Internships play a crucial role in developing competent ministers within the church. Joshua Dawalt, lead pastor at New Covenant Church in Pleasant Garden, North Carolina, shares how his church’s journey toward multiplying young ministers has led to the establishment of a successful internship program that is scattering seeds throughout their district, and that they hope will lead to future growth. 

A decade ago, New Covenant Church hired Joshua Dawalt as the lead pastor when he was just 25 years old; and shortly thereafter, Dawalt hired Jonathan Wilkerson (a few years his junior) as the youth pastor. As a young staff themselves, they were grateful for congregants who loved them, invested in them, and encouraged them in their ministry. 

Eager to invest in young leaders, a few years later, they began to dream about building a program that would equip and empower emerging ministers; and in 2018, Wilkerson initiated a conversation about starting an internship program at the church. The church was maturing, stable leadership systems were in place, and they were beginning to identify potential leaders who could use a focused pathway for development. 

Seeing the potential to share their blessings and knowledge with others, they took on a student from Southern Wesleyan University (SWU) as their first intern in 2019. From there, they expanded, taking on summer interns and residents in 2020. Seeing the potential of the program (and desiring to help it be sustainable for the local congregation), the district was willing to offset up to half the cost of the internship; and that commitment continues as the district continues to commit to leadership development. 

The journey of developing interns wasn’t without challenges, Dawalt says. “The biggest obstacle and greatest requirement is having someone who is committed to the process, able to give 20 hours per week’s worth of work, and schedule time in the office to be with the interns and help them develop,” reflected Dawalt. “But I would say the first piece is having a person who is the champion of it… who can go above and beyond, and explain, ‘this is why we do what we do,’ and help young pastors internalize what ministry is about.” 

One remarkable success story is that of Braeden Barrett, a student they met at a camp in the summer of 2021. Seeing potential in him, Jonathan Wilkerson took Braeden under his wing and encouraged him to enroll at SWU. After interning at another church (Shady Grove in Colfax, North Carolina), Braeden’s growth and transformation were evident to the people around him. 

“A phrase we commonly use as we think about our internship program is the power of ‘change of pace and change of place,’” said Dawalt. “That was a difference-maker for Braeden, and for many we work with.”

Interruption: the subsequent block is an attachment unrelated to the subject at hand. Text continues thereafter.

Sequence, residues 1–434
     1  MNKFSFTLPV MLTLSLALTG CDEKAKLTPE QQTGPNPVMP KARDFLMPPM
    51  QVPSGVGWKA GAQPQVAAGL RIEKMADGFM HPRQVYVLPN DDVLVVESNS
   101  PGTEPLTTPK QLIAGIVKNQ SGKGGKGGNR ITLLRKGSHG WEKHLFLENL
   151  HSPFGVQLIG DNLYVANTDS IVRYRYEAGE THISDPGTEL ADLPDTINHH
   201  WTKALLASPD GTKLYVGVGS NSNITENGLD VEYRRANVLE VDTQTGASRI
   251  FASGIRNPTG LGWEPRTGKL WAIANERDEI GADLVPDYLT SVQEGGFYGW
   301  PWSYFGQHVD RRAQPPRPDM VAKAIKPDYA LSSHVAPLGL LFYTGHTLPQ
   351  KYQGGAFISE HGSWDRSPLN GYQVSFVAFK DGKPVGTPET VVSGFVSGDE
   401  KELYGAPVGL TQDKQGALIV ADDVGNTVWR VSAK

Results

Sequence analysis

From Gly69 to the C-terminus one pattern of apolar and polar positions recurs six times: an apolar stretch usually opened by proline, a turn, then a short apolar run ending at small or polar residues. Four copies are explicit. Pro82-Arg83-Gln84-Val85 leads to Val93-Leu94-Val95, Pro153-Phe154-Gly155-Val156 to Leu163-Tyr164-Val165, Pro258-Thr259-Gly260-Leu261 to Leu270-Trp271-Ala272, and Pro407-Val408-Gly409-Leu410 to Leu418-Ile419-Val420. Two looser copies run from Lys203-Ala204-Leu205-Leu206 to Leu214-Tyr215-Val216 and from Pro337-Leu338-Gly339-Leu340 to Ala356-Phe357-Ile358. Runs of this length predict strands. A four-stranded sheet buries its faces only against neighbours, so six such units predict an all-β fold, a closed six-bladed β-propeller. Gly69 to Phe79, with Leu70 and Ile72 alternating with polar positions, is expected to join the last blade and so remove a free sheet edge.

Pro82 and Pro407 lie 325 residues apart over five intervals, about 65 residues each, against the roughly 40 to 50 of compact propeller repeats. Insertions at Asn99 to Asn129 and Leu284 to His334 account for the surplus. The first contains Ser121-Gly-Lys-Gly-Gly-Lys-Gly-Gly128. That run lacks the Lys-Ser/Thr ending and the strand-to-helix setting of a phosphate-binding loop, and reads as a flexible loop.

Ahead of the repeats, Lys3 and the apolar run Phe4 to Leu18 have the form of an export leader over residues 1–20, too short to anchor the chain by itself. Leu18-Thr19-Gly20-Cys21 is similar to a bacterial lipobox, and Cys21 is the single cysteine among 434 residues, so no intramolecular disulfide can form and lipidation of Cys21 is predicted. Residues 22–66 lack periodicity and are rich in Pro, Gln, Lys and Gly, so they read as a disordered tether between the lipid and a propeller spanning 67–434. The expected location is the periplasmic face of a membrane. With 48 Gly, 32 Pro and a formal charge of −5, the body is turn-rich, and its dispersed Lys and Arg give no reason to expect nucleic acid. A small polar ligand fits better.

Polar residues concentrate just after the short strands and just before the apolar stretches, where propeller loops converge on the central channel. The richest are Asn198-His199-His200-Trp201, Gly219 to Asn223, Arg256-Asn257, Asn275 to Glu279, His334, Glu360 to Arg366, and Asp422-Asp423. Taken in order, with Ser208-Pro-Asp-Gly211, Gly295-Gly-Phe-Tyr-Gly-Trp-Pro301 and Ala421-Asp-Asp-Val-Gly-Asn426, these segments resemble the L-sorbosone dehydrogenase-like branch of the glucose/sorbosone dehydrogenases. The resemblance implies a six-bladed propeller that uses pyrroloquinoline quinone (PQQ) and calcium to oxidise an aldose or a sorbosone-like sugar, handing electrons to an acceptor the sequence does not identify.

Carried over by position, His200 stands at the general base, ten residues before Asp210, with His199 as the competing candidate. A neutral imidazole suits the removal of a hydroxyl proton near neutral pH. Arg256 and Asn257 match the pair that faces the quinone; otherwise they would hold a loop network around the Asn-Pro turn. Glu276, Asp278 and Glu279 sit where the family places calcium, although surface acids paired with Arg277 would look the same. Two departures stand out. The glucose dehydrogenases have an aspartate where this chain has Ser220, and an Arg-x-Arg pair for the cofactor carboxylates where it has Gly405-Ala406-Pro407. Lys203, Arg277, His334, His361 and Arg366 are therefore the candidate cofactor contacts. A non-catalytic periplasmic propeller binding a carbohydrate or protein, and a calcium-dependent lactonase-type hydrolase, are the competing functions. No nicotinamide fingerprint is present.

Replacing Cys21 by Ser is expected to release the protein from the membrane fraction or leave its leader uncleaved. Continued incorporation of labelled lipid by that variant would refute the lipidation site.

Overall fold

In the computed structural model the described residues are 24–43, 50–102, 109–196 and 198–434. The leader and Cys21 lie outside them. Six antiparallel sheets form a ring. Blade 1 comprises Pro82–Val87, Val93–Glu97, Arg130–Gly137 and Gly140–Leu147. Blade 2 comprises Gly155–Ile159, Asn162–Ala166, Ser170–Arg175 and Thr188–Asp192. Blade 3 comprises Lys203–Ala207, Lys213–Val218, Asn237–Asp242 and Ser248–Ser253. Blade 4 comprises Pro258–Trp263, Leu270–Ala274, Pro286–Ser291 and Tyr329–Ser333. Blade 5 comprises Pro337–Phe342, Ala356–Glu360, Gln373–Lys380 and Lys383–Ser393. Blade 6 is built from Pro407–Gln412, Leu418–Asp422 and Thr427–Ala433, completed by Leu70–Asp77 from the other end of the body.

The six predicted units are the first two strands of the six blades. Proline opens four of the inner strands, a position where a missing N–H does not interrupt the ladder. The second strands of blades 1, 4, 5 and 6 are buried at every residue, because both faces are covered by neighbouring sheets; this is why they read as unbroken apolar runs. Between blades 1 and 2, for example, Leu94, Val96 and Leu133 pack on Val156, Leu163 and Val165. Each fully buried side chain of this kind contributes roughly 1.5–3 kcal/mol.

Recognizing the importance of helping students identify a call to ministry, Dawalt and other district leaders focused on the NC West District’s camps and conferences as opportunities for students (like Braeden) to listen for God’s call to serve – whether through vocational ministry or to ministry through another vocation. After students are called, the NC West District hopes to create clear pathways that future ministers can use to gain experience, mentoring, and guidance. 

An upcoming intensive at Victory Mountain Camp hopes to convene many of the 60 young people–all of whom have articulated a recent call to ministry–as well as any other student feeling a call to ministry, to help them build connections, gain resources, and continue listening to God about next steps in their calling. 

Amidst all these district activities, Dawalt and the The North Carolina West District Superintendent, Rev. Jerry Lumston, continue to see the academy and the church as important partners in forming future ministers. 

The NC West District’s ongoing commitment to offset up to half the cost of internship programs allows churches of various sizes and stations to train future ministers. In past years, Dawalt has helped guide this at the district level, serving in the role of “Next Gen Leadership Development,” which includes helping other congregations launch and sustain internships. But before a congregation can receive an intern, they have to meet certain criteria. Among these are demonstrated commitments to winning new believers, leadership strength, financial stability, district participation, and a commitment to providing appropriate lodging and financial support for any interns taken on.

As more pastors retire, and churches look for competent leaders, New Covenant and the North Carolina West District’s approach to internship could be a model for those churches hoping to identify, develop, and deploy future leaders.

For more information about how our denomination is partnering with developing ministers, visit